Careful to define himself as a Pop Artist, Chapman begins by describing his frustration with the recent influx of generic mass produced prints which he sees as an assault on the true spirit of the pop art movement. "I see myself as a figurative design artist." He says, adding, "Some would say Pop Art painter, although the Pop Art movement has become blurred over the last few years with the introduction of computer generated prints being passed off as Pop Art.
I would say I am a Modernist Pop Art Illustrator" All too familiar with the paradox, that the recent influx of mass produced shop pop art has created. Chapman profoundly understands the difficulty in defining the real spirit of the movement and re aligning its direction within the culture of the 21st century, and its readily available technology. As Pop artists in the 1950's and the 1960's focused on familiar images from popular culture and made fun of industry and mass production by mass producing their own art, Chapman's mission is to empower the progressive quality and creative vision of popular imagery and focus on the brilliance of the art and the image.
It is interesting to unravel Chapman's obsession with an art movement so defining of an era. The Pop Art movement was marked by a fascination with popular culture and reflected the affluence of post-war society. It offered visual artists an alternative means of communication to the abstract expressionist movement, which many young artists at the time found oppressive. The movement immerged slowly in the 1950's and 1960's, not with a bang or manifesto but through a number of artists working independently to each other, living as far a field as London, Paris, Milan, Düsseldorf, Rome and New York. Each of the artists began by challenging the notion of good taste and the inviolability of the work of art. The term, Pop Art, became an umbrella term to describe a collection of artists and approaches that engaged and reflected modern life and its culture.
In celebrating everyday objects such as soup cans, washing powder, comic strips and soda pop bottles, the movement turned the commonplace into icons and the art it's self into popular culture. It is a testament to the power of the Movement that Chapman an artist born in 1973 - when the movement was slowing down, still finds himself influenced by its fundamental obsessions. In the same way that Pop Art challenged the concept of low and high brow art, so too Chapman's work challenges the notion with an almost ferocious enthusiasm. His fervour for the movement is born out of a genuine fascination with the art - a passion for sixty's pop and design and a fondness for the era. "I am trying to continue what would have become of the Pop Art movement if it hadn't fizzled out during the eighties." says Chapman. "It's the colours that jump out at you when they are complementary or clashing…something that seems familiar but seen in a new way. I suppose Warhol and Lichtenstein did it first with the Marilyn's and Comic Book paintings. Taking a familiar image and changing it …either by colour or in size. I am trying to do the same, although adding design in there."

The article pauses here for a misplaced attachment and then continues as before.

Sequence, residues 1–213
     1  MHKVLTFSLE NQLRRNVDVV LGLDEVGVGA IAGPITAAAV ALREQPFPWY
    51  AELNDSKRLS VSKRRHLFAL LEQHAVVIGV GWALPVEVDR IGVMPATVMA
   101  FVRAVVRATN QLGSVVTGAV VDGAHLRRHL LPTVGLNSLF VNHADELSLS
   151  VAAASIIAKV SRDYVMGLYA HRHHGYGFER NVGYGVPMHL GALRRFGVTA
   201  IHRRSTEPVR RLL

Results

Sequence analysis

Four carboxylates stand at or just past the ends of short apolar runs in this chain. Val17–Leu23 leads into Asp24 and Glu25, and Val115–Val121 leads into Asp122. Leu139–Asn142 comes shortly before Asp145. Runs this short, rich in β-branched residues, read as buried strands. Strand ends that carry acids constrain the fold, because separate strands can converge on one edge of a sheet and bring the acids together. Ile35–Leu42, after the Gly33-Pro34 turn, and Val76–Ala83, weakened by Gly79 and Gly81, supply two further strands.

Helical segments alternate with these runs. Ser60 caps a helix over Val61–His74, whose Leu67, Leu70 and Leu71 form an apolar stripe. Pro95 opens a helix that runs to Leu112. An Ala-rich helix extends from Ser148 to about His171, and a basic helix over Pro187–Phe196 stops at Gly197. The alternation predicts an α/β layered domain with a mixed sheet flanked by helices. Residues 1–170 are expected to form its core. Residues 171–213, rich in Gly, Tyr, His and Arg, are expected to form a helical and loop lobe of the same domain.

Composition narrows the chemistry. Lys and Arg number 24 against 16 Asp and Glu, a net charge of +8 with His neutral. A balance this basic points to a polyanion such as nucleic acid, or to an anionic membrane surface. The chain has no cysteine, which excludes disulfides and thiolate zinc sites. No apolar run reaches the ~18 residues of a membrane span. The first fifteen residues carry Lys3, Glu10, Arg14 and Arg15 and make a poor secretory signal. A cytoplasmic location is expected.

Chapman paints to the music of the era and often listens to the music of the artist he is painting. "My thoughts are miles away when I paint. Hours can easily slip by." he says. Taking influence from artists such as Warhol and Lichtenstein, Pollock and Riley, his work pays homage to their underlying structures, techniques and approaches. "From the graphic work from the past and present, whether it be on a board game box or logo on a shopping bag, comic strip or a menu in a restaurant, a fragment in each of those is a little bit of inspiration, and it gets logged somewhere in my head before manifesting itself in a new body of work." he says. Finding inspiration from contemporary life, from the classic paintings of days gone by to the latest car advert, Ivan Chapman quirkily documents popular culture.
Ivan Chapman's art work has been exhibited around Britain, Spain and North America. He is also available to take on commissions personalised to your requirements. For more information please contact the LondonArt team.